Key Points

Theory in detail


AJ Ayer agreed with Moore (see Intutionism) that you can’t get values or moral judgements from descriptions. ‘Argument is possible on moral questions only if some system of values is presupposed’. Therefore to say that something is wrong is to say that I disapprove of it or that it goes against my values. In other words, “Abortion is wrong” is the same as saying “I don’t like abortion”. Ayer argued that moral statements are merely subjective, sentimental statements based on personal values (personal values because there is no absolute, objective value in the world – we decide what we value). Statements of fact are either logically necessary (true by definition) or observable – moral statements are neither analytically or synthetically verifiable, so there are no moral facts.

CL Stevenson said the purpose of a moral statement was to persuade someone of the rightness or wrongness of an action. ‘Good’ is a persuasive definition. He said that when we talk about moral issues, we express approval or disapproval. Unlike Ayer, he said moral statements were not merely expressions of emotion, but were based on deeply held beliefs. This gives a better explanation of why people disagree strongly about morality – their ideas are based on fundamental social, political or religious beliefs. However, Stevenson is an emotivist because he believes moral statements are the result of subjective opinions, views or beliefs.


Naturalism held that ethical terms could be explained in the same ‘natural’ terms as science or maths. Ethics, they said, was about observation and analysis.

GE Moore, in Principia Ethica (1903) famously refuted naturalism. He said that you can’t move from is to ought. In other words, any observation of how people actually behave cannot tell us about how people SHOULD behave. He called this the ‘naturalistic fallacy’.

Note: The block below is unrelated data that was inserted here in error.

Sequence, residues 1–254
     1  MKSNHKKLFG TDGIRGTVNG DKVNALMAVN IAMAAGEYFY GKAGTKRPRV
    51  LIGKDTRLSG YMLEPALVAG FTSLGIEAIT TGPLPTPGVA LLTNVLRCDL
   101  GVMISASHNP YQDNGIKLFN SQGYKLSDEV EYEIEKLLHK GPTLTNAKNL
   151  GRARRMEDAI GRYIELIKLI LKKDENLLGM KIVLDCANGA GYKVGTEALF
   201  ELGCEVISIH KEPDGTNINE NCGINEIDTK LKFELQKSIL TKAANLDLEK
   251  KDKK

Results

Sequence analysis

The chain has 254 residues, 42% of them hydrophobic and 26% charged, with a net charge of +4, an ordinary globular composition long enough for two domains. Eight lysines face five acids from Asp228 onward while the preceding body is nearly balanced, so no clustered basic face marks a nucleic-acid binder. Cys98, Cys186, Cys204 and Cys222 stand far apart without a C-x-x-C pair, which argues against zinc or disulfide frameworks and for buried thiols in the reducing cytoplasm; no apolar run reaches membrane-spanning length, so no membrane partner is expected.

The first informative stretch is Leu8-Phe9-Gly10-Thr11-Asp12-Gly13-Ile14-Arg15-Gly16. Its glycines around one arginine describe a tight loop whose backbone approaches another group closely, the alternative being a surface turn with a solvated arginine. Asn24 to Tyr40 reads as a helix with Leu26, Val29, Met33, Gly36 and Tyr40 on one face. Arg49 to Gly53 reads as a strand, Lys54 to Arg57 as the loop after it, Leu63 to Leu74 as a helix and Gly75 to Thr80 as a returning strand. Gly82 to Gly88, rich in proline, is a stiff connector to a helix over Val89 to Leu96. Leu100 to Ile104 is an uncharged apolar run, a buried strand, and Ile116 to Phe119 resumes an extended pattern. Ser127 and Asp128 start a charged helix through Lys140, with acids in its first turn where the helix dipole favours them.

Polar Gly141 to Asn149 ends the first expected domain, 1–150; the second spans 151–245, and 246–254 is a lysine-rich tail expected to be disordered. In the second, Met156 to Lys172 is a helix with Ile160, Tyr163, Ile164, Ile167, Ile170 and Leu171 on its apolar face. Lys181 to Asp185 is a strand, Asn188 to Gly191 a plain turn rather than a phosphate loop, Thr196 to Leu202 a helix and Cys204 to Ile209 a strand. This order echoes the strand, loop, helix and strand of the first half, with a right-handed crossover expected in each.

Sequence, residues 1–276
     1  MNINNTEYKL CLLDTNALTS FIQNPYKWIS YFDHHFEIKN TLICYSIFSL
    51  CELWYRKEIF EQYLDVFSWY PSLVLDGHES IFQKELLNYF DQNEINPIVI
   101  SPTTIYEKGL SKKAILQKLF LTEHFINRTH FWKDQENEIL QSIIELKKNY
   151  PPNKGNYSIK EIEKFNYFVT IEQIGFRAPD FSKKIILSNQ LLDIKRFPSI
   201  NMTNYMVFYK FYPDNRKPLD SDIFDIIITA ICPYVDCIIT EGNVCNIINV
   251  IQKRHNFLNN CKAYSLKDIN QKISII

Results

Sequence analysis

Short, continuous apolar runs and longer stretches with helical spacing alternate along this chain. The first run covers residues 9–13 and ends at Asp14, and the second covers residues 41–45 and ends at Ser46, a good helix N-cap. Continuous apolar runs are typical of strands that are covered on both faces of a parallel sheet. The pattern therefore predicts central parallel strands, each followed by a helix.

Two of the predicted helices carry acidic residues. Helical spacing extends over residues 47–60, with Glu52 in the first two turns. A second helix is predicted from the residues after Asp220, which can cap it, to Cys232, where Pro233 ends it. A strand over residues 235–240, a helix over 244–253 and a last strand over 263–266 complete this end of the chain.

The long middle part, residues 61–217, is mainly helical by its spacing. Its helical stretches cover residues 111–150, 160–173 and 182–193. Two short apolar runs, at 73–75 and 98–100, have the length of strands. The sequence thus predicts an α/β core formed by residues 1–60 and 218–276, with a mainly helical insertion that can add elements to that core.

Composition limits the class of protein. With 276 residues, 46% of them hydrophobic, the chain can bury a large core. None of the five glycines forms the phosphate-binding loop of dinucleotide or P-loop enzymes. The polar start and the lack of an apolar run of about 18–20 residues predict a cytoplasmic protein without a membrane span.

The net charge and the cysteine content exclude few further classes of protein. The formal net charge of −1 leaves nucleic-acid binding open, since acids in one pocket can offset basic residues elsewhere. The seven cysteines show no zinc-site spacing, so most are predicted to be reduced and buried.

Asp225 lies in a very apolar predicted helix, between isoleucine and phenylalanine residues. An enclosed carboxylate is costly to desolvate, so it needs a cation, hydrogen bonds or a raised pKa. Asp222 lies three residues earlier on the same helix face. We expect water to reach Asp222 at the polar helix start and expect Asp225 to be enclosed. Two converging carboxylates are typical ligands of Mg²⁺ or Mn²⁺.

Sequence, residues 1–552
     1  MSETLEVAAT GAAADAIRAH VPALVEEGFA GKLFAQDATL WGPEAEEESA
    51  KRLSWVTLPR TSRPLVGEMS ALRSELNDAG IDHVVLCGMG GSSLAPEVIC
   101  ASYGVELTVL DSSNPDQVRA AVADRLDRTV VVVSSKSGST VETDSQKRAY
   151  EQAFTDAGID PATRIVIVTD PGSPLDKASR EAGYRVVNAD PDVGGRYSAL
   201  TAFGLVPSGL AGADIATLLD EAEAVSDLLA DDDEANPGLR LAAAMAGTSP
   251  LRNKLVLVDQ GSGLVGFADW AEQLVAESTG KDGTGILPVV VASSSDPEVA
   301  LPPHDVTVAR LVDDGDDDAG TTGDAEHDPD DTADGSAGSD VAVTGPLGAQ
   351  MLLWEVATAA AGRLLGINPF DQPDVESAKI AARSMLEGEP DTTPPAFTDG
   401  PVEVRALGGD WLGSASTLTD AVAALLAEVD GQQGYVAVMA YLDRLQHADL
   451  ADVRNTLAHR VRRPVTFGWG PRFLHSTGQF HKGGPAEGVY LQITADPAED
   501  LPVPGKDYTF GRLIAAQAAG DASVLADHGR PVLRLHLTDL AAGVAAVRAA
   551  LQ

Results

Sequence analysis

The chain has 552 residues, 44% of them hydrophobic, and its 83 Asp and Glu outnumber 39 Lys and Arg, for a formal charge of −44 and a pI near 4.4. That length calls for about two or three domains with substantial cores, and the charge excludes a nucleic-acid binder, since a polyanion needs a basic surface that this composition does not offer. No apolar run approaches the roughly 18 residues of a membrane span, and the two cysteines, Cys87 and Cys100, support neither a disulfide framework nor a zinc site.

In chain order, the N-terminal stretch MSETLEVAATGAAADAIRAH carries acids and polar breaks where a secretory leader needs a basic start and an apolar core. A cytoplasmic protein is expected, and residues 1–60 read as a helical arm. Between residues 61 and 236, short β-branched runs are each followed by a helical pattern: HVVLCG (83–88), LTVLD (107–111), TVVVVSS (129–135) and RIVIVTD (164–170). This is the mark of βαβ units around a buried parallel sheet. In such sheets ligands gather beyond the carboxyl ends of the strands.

Moore went on to say that ‘good’ is indefinable. In the same way as yellow is just, well, yellow, ‘good’ is not a complex term that can be broken down further, you just recognise that something is good by intuition. If ‘good’ was a complex idea, we could ask of it whether it was itself good. For example, Bentham defined good as pleasure (the greatest pleasure for the greatest number). But you can ask “Is pleasure good?” Because the question makes sense, pleasure can’t mean the same as good.

HA Prichard said there were two kinds of thinking: reason brought together the facts about a situation, and intuition perceived the right thing to do.

WD Ross argued that moral principles can’t be absolute, as they can contradict one another   He said that we have prima facie (at first appearance) duties: keeping promises, making up for harm done, gratitude, justice, beneficence, self-improvement and non-maleficence.  Intuition identifies our prima facie duties, but when they conflict, we need to use our own judgment to determine which obligation is our absolute duty.


RM Hare argued that moral statements weren’t merely descriptive (describing our beliefs) and persuasive, he said they were prescriptive and universal. When I say “Murder is wrong”, I am writing a law which I believe others should follow. Hare thinks that reason plays an important role in ethics. He agrees with Kant that moral rules should be universalisable, and that we should ‘do unto others as you would have done unto yourself’.

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